I wouldn't be able to answer to that. He walked around the room and shook everybody's hand.
    So you met him personally and spoke to him?
    Yes. I said hello to him.
    That was the extent of the conversation?
    Pretty well.
    Do either of you know Bernard Côté?
    No.
    Do you know anyone at Public Works?
     I suppose you must deal with Public Works--
    Do you mean the people we're dealing with on a daily basis who are our project managers?
    Of course you would, but beyond that, or in the minister's office, for example?
    I think what you mean is do we know people who are not--
    --directly involved in what you're working on. That's right.
    No.
    We're familiar with people who are involved at a technical level on the project.
    That's natural.
    That's fine, thank you.
    Do you have anything else, Ms. Folco?
     Actually, I do.
    Madam Gersovitz, when Mr. Martin asked that question and Mr. Glouberman answered, I did get the distinct impression that you were uncomfortable--
    What was the question?
    When Mr. Martin asked the question about threats and Mr. Glouberman answered, I did get the distinct impression that your answer...your body language was not quite what I had expected. Do you want to say anything about that?
    No.
    Not at all?
    Thank you.
    May I express sympathy to the witnesses? We, too, have been exposed to less than memorable speeches by Conservative cabinet ministers.
    Voices: Oh, oh!
    The Chair: Monsieur Lemay and Ms. Bourgeois.
    Point of order, Mr. Chair--
    Voices: Oh, oh!
    Oh gosh, here we have it.
    Point of order, sir.
    I'm sure I've stirred this one up.
    Yes, Mr. Holder.
    With all respect, Mr. Chair, I know you'd want to withdraw that, because it's beneath the greatness of the role of chair to let that comment stand.
    Could I humbly ask you to withdraw that?
     You can humbly ask.
    Mr. Ed Holder: Would you, please?
    The Chair: You've asked.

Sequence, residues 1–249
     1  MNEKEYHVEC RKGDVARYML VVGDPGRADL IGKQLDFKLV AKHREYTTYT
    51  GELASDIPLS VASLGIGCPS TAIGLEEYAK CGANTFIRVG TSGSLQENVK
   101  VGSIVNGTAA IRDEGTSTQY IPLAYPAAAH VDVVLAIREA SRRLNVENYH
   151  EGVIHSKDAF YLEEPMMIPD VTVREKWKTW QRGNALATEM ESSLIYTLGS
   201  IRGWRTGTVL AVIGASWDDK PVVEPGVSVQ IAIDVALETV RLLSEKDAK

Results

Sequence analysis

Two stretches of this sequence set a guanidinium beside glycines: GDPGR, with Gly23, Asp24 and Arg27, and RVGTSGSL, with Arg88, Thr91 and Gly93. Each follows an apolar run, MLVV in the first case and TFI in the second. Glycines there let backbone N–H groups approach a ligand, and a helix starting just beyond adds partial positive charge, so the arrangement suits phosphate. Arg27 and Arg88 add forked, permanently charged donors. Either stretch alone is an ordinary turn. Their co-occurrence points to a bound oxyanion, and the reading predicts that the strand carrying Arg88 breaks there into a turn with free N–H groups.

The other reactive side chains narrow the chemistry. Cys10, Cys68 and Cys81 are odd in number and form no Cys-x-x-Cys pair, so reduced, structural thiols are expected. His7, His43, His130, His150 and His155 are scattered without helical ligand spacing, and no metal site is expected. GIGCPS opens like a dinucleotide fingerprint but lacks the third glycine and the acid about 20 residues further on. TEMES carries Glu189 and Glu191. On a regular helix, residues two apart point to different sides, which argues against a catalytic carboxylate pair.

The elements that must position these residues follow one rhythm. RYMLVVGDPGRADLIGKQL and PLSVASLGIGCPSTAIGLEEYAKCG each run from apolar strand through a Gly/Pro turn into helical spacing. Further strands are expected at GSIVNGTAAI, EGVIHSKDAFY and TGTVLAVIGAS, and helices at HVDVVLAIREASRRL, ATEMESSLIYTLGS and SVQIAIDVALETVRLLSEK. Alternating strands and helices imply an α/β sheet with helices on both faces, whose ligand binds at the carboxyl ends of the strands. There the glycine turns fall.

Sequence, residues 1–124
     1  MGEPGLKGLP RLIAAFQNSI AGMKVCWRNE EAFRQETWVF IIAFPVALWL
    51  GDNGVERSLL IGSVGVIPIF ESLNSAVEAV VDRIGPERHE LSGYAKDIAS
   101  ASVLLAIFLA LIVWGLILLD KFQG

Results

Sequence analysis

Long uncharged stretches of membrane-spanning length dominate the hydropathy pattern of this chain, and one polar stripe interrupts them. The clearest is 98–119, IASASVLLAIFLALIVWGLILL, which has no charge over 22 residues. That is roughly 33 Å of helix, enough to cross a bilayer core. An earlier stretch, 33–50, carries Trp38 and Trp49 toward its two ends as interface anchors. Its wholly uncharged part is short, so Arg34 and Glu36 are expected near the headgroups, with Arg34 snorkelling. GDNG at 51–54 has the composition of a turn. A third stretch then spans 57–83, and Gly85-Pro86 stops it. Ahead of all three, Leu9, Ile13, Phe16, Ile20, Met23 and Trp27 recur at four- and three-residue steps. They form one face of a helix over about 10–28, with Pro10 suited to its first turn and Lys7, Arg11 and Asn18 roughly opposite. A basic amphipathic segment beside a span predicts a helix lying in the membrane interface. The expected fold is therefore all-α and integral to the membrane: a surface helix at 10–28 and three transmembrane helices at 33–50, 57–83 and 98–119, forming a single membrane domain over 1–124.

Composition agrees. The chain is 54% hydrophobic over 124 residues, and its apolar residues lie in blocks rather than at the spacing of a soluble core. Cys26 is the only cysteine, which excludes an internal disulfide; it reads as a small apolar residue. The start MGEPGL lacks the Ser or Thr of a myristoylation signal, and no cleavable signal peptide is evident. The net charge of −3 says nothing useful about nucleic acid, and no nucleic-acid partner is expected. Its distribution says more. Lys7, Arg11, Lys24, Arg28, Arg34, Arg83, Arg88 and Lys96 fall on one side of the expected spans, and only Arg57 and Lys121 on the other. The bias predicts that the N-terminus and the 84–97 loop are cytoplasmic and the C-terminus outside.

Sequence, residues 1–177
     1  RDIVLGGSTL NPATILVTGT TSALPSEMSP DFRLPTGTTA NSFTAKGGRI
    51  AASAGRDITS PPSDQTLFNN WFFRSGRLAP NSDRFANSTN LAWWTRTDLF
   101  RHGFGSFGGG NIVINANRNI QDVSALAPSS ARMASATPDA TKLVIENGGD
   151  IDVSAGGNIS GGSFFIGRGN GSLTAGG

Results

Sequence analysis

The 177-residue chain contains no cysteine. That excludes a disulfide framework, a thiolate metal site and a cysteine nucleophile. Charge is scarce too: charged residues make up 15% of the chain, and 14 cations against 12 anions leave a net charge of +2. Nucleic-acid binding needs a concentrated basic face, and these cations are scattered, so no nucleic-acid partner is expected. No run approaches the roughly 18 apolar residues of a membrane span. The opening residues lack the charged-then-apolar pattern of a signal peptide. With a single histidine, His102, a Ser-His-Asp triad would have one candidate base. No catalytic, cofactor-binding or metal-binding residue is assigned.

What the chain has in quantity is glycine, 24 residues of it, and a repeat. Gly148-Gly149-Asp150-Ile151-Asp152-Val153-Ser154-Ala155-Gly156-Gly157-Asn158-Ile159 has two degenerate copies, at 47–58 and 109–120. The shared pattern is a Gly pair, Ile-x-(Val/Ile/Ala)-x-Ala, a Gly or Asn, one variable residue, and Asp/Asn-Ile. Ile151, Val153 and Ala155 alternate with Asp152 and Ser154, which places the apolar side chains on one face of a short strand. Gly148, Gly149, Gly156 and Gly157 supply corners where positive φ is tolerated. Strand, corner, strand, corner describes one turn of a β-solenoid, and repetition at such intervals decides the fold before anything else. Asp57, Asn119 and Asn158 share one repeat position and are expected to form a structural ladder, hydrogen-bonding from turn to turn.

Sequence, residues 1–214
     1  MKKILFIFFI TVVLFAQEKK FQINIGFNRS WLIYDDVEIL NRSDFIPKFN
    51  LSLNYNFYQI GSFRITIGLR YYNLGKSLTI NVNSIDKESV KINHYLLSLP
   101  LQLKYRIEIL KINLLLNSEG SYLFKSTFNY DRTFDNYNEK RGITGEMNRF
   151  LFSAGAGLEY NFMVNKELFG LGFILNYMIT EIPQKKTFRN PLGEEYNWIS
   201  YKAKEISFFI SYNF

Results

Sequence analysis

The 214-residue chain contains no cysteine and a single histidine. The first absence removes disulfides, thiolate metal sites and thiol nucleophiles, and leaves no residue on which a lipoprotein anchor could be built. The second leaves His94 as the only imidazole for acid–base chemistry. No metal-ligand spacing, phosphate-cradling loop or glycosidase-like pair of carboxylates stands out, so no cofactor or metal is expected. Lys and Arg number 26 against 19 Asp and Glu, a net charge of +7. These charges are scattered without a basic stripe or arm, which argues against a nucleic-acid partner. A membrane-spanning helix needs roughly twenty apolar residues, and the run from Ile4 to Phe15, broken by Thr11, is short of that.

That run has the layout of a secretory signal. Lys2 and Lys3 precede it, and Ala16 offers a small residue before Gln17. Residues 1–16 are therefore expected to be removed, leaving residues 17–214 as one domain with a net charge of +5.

Monsieur Lemay or Madame Bourgeois.

[Translation]

    Thank you, Mr. Chairman.
    Of course, I'm going to share my time with my colleague.
    Madam, sir, I specifically want to understand the situation. You had a specific job to do, which was to restore the government buildings. Based on your professional knowledge, your expertise, you were to find a contractor who had specific knowledge to do that job. It appears there were four, five or six bidders. If I understood correctly, only one of them could do the specific job you were requesting. Is that correct?

[English]

    I think that would be incorrect, Madame Bourgeois. It is not that one contractor can do the work; it is that there is a list of qualified contractors, a list of pre-qualified contractors, of which one will do the work because his price will be the lowest conforming bid.
     It's not that there is only one person who is capable. Anyone who is on the list is capable, has been judged capable by Public Works and RPCD. There is going to be only one person who will do that work, and according to the public tender process, it will be the lowest conforming bid.

  (1035)  

[Translation]

    So only one qualified because you had specified the nature of the work, no? The five bidders could do the same work.
    Mr. Glouberman?

[English]

    Exactly. There were five contractors who pre-qualified to do the work. There were a number of contractors pre-qualified to do the work and they were asked to provide prices and submit tenders.
    Five firms submitted tenders. The lowest bidder was LM Sauvé and he was judged by Travaux publiques and RPCD to be conforming and to be the low bid.

[Translation]

    So they opted for the least costly firm.
    You are professionals, and you have a very large number of years of experience in this field to your credit. I imagine you are somewhat aware of the amounts involved or of the total cost of the work to be done.
    Were you surprised to see that LM Sauvé had won the contract by submitting a bid approximately $2 million less than those of the other bidders? Did that surprise you?

[English]

    We were asked, after the bids were analyzed by Public Works and deemed to be conforming to the legal requirements, to review the bid in terms of the cost, etc. At that point, we prepared a list of our concerns on that bid in terms of....we felt in certain cases that he was over or under our estimates. This was sent on to Public Works for their review.